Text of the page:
I'm sure many of you have come rambling along Capitol Hill's Pine Street corridor on a Tuesday night--to get your rat's nest trimmed "just below the lobes" at Rudy's, or maybe to pawn jewelry at Capitol Loans so you have enough cash for another round of Long Islands at R Place--and you've walked past the swelling congregation in front of Aurafice Internet and Coffee Bar. Out front is a motley array of people who look like a group of high-school antiheroes who've been rounded up and taken out for a night of lattes, Italian sodas, board games, and Internet access.

I've been by Aurafice's Tuesday-night event, Polygraphic, in the past, and caught DJs and live PA sets from people like Jerry Abstract and DJ Cloe, playing music ranging from ambient, downtempo, and IDM to experimental electronic. On a recent Tuesday I stopped in to chat with the evening's organizer, a man who goes by the name "Waater." Waater looks the way you might imagine an introverted prober of electronic crevices would look: functional, tidy tech-geek clothing; spectacles; and an ornate silver ring on one finger. Waater started the weekly event last May to provide an all-ages space for the type of music found more commonly in experimental chill-out rooms at raves, or in secluded basements. Electronic music that evolved out of warehouses and parties has now arrived in safe cafe environments. Aurafice's candlelit, teched-out, Seattle-style coffee bar is a perfect symbiotic match for the music and the space.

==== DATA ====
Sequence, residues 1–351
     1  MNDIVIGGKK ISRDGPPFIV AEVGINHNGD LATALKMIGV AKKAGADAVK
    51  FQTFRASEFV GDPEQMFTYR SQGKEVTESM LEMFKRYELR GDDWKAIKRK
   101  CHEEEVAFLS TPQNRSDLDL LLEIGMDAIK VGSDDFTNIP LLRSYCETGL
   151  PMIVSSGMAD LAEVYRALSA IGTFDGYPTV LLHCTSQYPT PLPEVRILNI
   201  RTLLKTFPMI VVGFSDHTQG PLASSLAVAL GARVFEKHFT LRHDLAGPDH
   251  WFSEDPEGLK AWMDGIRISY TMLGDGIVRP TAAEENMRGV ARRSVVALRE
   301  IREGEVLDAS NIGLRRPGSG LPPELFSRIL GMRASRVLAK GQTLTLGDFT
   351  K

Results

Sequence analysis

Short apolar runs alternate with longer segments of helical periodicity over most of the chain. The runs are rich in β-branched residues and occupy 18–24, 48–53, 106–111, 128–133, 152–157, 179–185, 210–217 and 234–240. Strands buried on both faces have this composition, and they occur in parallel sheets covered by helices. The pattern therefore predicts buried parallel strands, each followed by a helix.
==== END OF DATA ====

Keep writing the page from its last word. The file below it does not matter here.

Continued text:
Michael Maricle is a San Francisco transplant doing a live PA set the night I visit. He says he's 33, but he looks about 22. He's behind a mound of rack effects, a keyboard, drum machines, and a mixer, tweaking knobs and programming beats over ambient loops. The tones are warm and subdued enough for people to check e-mail, play Doom, converse, and relax. A young girl in the corner listens to the music while a guy in his thirties reads some ridiculously thick book. A few people in the crowd could pass for Christopher Lambert's MacLeod character from Highlander. The most heated moment of the evening comes when an older man, who seems to be the undisputed pimp of the chess table, starts representing his mad skills on the chessboard, and everyone scoots in for a closer look.

I felt surprisingly at home here; the place reminded me of how much time I used to spend in coffee shops when I was younger (before I fell victim to the lure of the demon drink and my innocence was all but washed away in some beer garden at a House of Blues event). NICOLAE WHITE

Polygraphic, every Tuesday at Aurafice Internet and Coffee Bar, 616 E Pine St, 860-9977, 9 pm-2 am, all ages, free.


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